There's something different about the sound of the crowd at a Duran Duran concert these days. It's what happens when more guys start showing up.
"Yeah, the sound of the crowd is a little deeper," founding member John Taylor, the group's bass player, says with a laugh. "I notice, really only in the last couple of years, it's like guys seriously surrender to the band. For many, many years, we were a girls band, the guys would be dragged along. Now, it's not like that anymore; it's very mixed. Guys aren't ashamed of digging the band anymore."
Good thing for the guys. Because after 38 years as a band (give or take a few comings and goings), Duran Duran is sounding as charged-up and vital as ever. Its most recent album, 2015's "Paper Gods," is as good as anything to come out of the band's '80s heyday. Duran Duran has been touring behind the album since September 2015, and will be playing The Theater at MGM National Harbor on New Year's Eve and New Year's Day.
Not bad for a bunch of British new wavers, named after a sci-fi comic strip character (from "Barbarella") and dismissed by some nay-sayers as too fashion-centric, or maybe too pretty, to be true rockers (hence the "girls band" tag). But there's a good chance those critics were probably still humming "Rio" or "Hungry Like the Wolf" under their breath. And hey, you don't hang around for nearly four decades without a more encompassing fan base.
"Our audiences, it's fantastic what they bring to us," says Taylor, speaking over the phone from his home in Bath, England. "Rock music appeals to all ages, doesn't it? There's a lot of love in that room, I can tell you."
How has the band made it this far? The answer is simple, Taylor says, even if the process hasn't always been. Never take the band, or the audience, for granted, and remember what got you where you are.
"Obviously, we were kids when we started out, and none of us had any interest other than advancing the agenda of the band," says Taylor, 56. "But as individuals form families, then the band has a different sort of groove to it. It's an evolution. But one thing I will say is that, every time you walk out onto the stage ... it resets things. We've always found that."
It isn't easy, Taylor says, and "it shouldn't be." But it's powerful, and it means something to a lot of people. Which is one reason Taylor and his longterm bandmates — singer Simon Le Bon, keyboardist Nick Rhodes and drummer Roger Taylor — still enjoy playing the hits that made them a mainstay of the newly launched MTV back in the '80s. (Original guitarist Andy Taylor left the group in 2006.)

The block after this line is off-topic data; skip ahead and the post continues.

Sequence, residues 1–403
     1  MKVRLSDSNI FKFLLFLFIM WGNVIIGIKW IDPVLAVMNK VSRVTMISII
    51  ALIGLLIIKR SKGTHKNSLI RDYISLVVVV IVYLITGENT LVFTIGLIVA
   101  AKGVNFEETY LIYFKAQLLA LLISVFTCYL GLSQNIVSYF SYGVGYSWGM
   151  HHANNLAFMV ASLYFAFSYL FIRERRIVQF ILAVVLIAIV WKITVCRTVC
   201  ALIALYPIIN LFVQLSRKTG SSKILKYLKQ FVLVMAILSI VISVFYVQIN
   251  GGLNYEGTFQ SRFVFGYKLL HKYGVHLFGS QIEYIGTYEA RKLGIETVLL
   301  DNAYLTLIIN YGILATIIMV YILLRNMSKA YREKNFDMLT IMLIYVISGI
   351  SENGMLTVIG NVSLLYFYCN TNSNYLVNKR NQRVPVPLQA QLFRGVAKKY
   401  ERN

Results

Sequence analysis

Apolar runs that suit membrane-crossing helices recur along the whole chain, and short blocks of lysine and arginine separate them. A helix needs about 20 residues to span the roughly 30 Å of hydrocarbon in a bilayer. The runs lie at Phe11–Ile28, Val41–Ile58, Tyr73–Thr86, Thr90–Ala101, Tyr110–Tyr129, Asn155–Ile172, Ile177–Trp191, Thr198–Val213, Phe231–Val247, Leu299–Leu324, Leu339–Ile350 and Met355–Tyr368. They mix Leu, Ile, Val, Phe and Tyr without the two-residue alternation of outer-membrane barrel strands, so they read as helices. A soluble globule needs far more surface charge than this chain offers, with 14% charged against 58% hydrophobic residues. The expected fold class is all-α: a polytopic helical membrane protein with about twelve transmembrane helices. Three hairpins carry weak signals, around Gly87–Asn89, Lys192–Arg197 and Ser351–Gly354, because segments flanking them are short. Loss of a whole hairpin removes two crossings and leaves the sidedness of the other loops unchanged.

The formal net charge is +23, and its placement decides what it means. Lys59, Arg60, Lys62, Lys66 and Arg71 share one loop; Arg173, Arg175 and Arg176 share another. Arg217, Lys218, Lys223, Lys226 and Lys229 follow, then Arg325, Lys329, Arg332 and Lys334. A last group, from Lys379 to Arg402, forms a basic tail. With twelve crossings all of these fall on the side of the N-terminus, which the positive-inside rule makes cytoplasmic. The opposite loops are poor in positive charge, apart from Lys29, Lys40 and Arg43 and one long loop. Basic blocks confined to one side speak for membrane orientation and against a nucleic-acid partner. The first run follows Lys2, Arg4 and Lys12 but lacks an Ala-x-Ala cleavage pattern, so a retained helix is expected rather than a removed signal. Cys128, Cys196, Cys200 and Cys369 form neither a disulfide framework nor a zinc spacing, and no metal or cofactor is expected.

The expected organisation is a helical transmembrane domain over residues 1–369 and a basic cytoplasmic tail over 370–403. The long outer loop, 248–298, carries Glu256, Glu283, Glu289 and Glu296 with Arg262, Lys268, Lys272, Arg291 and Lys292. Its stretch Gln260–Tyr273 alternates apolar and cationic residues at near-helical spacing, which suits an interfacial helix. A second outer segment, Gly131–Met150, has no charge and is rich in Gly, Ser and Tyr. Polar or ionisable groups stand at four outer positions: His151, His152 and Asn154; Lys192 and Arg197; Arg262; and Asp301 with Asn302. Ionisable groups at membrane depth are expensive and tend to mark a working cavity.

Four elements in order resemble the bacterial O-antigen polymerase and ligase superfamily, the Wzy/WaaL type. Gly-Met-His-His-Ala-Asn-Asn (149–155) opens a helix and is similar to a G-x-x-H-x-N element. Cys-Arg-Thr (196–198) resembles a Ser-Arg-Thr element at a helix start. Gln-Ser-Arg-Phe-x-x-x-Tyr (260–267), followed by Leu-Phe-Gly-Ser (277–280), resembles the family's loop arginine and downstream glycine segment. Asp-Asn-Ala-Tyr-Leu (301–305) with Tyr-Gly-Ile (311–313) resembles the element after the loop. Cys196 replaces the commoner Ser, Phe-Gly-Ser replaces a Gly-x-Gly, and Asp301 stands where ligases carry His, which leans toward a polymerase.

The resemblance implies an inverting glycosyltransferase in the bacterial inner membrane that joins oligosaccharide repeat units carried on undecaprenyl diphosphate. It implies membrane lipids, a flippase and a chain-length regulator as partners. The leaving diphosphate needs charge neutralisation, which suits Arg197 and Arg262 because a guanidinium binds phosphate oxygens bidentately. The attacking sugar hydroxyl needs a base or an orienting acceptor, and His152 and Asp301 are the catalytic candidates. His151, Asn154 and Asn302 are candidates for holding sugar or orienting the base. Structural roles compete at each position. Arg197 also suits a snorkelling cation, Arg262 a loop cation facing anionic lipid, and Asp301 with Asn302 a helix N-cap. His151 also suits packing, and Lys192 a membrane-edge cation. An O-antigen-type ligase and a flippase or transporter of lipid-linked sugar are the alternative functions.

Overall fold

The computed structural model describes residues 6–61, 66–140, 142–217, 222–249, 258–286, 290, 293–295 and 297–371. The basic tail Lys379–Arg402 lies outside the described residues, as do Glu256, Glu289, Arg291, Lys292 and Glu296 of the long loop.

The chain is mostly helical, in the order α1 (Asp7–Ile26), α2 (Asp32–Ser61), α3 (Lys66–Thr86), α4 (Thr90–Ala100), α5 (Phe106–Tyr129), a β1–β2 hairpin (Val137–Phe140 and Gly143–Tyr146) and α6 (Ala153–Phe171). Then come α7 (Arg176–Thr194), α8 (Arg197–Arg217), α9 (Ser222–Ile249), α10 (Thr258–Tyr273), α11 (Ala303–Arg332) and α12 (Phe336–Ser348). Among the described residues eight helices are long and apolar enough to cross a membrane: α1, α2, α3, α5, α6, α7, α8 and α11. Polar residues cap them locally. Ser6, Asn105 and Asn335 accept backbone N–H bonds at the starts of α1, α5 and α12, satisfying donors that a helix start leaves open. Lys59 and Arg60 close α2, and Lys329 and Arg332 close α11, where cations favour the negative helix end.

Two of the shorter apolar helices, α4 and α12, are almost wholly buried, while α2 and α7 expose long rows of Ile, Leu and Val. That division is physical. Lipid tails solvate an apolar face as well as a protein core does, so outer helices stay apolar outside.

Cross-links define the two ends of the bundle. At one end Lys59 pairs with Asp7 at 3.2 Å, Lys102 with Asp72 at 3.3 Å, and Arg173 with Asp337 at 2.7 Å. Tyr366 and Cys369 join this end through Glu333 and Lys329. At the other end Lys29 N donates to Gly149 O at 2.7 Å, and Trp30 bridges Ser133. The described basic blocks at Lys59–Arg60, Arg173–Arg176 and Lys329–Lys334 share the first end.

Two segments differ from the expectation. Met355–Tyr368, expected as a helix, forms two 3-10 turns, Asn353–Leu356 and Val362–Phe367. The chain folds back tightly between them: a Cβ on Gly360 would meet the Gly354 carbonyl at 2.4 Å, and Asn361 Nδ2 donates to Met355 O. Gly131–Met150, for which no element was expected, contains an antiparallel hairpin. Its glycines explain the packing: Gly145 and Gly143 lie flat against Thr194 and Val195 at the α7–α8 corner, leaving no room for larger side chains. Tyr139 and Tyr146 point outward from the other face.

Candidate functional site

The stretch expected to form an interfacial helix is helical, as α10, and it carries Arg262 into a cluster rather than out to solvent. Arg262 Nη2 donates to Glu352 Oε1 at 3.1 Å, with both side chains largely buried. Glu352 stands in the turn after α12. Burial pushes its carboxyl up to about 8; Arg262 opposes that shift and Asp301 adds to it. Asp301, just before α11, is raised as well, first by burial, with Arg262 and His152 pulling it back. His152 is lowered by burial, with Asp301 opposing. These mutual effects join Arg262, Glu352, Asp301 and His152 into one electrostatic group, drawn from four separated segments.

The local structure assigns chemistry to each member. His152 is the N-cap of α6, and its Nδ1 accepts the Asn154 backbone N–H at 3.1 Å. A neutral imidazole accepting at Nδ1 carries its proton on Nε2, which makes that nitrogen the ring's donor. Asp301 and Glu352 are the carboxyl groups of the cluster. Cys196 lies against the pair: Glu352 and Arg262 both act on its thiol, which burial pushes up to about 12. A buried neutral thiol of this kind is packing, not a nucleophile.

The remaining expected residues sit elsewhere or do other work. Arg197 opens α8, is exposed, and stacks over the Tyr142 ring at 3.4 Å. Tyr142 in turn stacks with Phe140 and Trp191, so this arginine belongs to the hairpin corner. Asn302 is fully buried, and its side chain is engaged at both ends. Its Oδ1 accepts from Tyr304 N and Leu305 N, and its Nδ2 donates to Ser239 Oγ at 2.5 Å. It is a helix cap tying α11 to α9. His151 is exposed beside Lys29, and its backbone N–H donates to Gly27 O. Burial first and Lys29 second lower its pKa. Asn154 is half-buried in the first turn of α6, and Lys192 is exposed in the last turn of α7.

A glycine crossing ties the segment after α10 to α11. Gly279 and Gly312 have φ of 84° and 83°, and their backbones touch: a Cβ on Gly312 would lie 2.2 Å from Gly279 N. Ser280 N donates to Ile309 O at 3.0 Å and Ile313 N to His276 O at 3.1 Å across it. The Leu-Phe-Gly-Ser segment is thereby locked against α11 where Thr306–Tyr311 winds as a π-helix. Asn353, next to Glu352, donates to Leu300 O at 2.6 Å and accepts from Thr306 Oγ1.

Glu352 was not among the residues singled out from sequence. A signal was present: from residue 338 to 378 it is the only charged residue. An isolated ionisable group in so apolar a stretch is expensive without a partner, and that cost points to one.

"When the band had been together for five years, we would get asked, 'You have to play those old hits?'" Taylor remembers. "I mean, I remember feeling like, 'Oh my God, we have to play those old songs?' 20 years ago.
"But then you go through this transition phase, and then you realize, 'We've got some songs in the pantheon.' Those songs are up there, and you don't not play them. Every night, you play them, and you remind people why they're in the pantheon, and you remind yourself why they're in the pantheon. You play them, and you're grateful."
But as "Paper Gods" proves, Duran Duran is not just about what came before. The band is just as set on making fans in the 21st century as they were in the 20th.
"You've got to keep your ears open, I think, to what's happening, not be afraid," Taylor says. "It's all about knowing the limits, you know? Any father that tries to talk teenage to his teenage son is aware of the pitfalls — there's a point at which it's cool, and there's a point at which it's stupid. So you kind of have to know."
One reason "Paper Gods" sounds so au courant, Taylor says, is the producers Duran Duran recruited to help put its 14th studio album together. It's quite the foursome: Chic's Nile Rodgers, who will recieve an Award for Musical Excellence from the Rock and Roll Hall of Fame next year; Mark Ronson, who produced the band's 2011 album "All You Need Is Now" and won a Grammy for his 2014 single with Bruno Mars, "Uptown Funk"; Kanye West/Jay Z collaborator Mr. Hudson; and Josh Blair, who has worked with Paul McCartney, Alicia Keys, Rufus Wainwright and many others.
"Every producer that we've worked with, and I'm thinking of the producers on this record, they all came to the project with a sense of the band's history," Taylor says. "'How can we make a 21st-century record, one that is true to the band's legacy, or where it's coming from?'
"I think producers can be a little bit more objective about how an artist, or a band, can ride the currents, the contemporary currents."
Still, the bottom line for Duran Duran's continued vitality and creativity is pretty basic, Taylor says. And it's something their audience at National Harbor should be able to see for themselves.
"That stage time — it's a reminder that this is what we do," he says. "This is why we are in each other's lives, this is why we have been in each other's lives for so long, because we can do this when we get together."
And the band will continue to spend some quality stage time together in 2017. Duran Duran recently added spring tour stops in California, and then will head to Argentina, Brazil and Chile for Lollapalooza's South American iterations.
"It's a God-given chemistry that we have," Taylor says, "and the fact that people still get excited about it — it's not to be taken for granted or taken lightly."